PROVISIONS OF INFORMATION TECHNOLOGY ACT,2000 AND INIDAN PENAL CODE,1860
INFORMATION TECHNOLOGY ACT,2000
S-3(2) of the Act, is a specific section which provides provision for a particular technology such as authenticating the records like the servers of Banks, which extend the E-Banking facilities.
Any Banking transactions require retention of various documents electronically and S-4 of the Act gives legal recognition to these electronic records.
Every transaction which is entered electronically, is recognised under the IT Act,2000. S-10A of the Act gives validity to these transactions and henceforth, without these provisions, no internet banking transaction could be challenged in any court.
Section 66 of the Act penalizes a number of acts which are related to theft done on computer system. Examples of theft that can be done are: hacking, introducing and spreading viruses through computer networks, etc. S-72 of the ACT states the liability in case of breach of privacy of the customers S-72 states that any person who has secured access to any electronic record or register, without the consent of the person whose record has been accessed, shall be punishable with imprisonment of a term of 2 years or fine of Rs. One Lakh, or even both. S-79 acts as a saving clause. It provides immunity to a service provider and excludes them from the liability in case any illegal activity is caused by a third person from their network.
In the year 2011, RBI had constituted a committee which is known as G. Gopalkrishna Working Group for reviewing the privacy and security measures in E-Banking services.
INDIAN PENAL CODE,1860
The provisions of Indian Penal Code,1860, which is related with E-banking are as follows:
Theft of Data- As per S-378 of IPC, theft includes theft of data which is available online. There are various ways by which a data can be stolen like by way of hacking, virus, destroying the computer systems. Punishment for data theft is provided under S-379 of the Code which may extend to 3years pf imprisonment or fine or both. S-424 of the code bars the data theft in India by punishing any person who dishonestly or fraudulently conceals the data.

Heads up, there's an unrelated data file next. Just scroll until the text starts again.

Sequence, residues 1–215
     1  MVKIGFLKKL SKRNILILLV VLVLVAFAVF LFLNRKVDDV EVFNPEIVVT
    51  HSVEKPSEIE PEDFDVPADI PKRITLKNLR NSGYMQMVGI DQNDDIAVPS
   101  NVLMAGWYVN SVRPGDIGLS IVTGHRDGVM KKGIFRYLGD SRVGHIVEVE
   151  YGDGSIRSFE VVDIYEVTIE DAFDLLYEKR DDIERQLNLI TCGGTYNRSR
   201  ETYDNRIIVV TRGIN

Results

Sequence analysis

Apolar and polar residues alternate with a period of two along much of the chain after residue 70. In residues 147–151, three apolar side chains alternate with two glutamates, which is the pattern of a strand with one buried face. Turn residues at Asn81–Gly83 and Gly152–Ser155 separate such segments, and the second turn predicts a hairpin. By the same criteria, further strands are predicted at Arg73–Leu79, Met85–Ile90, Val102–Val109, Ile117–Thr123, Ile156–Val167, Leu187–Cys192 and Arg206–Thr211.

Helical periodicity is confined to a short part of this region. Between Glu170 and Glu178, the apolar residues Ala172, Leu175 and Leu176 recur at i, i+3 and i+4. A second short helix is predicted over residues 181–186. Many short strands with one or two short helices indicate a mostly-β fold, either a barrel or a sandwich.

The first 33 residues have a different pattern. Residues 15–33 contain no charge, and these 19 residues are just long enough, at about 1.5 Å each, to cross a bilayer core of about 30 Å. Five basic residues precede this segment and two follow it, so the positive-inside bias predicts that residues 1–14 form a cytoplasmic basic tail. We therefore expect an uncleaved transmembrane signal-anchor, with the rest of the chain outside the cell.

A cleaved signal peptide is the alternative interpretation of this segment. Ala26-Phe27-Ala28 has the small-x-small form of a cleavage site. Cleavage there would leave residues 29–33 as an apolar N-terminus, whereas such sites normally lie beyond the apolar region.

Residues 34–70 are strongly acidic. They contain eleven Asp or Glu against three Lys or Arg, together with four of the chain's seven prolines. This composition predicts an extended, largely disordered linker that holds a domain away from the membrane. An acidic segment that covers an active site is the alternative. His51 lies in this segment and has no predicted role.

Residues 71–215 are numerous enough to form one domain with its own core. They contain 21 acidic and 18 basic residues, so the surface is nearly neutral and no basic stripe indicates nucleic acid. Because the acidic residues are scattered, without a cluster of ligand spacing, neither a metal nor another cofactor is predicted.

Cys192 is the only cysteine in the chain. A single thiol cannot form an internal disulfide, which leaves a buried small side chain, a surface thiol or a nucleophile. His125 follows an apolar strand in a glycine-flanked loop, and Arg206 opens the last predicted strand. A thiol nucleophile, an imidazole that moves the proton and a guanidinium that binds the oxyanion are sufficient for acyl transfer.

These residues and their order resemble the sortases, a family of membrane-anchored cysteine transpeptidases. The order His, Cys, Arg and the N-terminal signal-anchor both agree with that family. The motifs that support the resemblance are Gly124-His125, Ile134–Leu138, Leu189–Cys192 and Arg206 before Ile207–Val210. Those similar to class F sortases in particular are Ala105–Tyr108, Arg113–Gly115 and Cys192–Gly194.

Receipt of Stolen Property- If any person receives any property stolen from any e-banking transaction, would be held liable under S-411 of the Code and shall be liable to imprisonment up to 3 months or fine or both. This section corresponds with S-66B of the IT Act,2000, which highlights the punishment for dishonestly receiving any stolen computer resources.
Personification- S-411 of the Code provides for punishment for cheating by personification. S-66C of IT Act also provides for punishment for the same.
Criminal Breach of Trust- Any person who misappropriates any movable property like computer device or any electronic device which was entrusted to that person for some lawful purpose, shall be punished under S-406 of the Code.
Forgery- Any transaction forgery which is made in internet banking, by giving false documents, would be punishable for imprisonment which may extend to seven years and fine.
Apart from IT Act and IPC, there are few other legislations, which governs E-Banking in India. They are:
Income Tax Act,1961- S-40A (3) of the Act benefits to only those account holder where the money is transferred either through E-Banking or by a cheque. This helps in prevention of tax evasion and brings all transaction which are above Rs. 20,000 under the purview of the concerned banks.
Negotiable Instrument Act,1881- Under S-6 of the Act, the concept of E-cheques and truncated cheques were added. These cheques also form a part of negotiable instruments in electronic format and hence comes under the concept of E-Banking.
These also maintain minimum safety requirements, in order to protect the interest of its customers.
Consumer Protection Act,1986- the definition of services given under the act also includes Banking services. Thus, any issues relating to privacy or security, rights and duties of the customers and the banks are protected by this Act.
The Banking system is an integral part of our country. It has become a life-blood for the growth of the economy. With the increase in E-Banking services, there has also been an increase in the Cyber as well as Bank frauds. There is a need to ensure that the cyber laws become firmer in order to control the frauds. It is the duty of the banks and the NBFCs to maintain the confidential information of the customers a secret and there must be a statutorily recognised while imposing penalty to those authorities of the Bank in case of violation and leak of any information.
Some strict measures like Biometric Authentications at the ATM Machines or in the E-Banking portal, should be opted, to increase the security of the customers and the installation of the same should be made mandatory by RBI. Every bank must have a cyber grievance cell, which could directly control and deal with the banking frauds.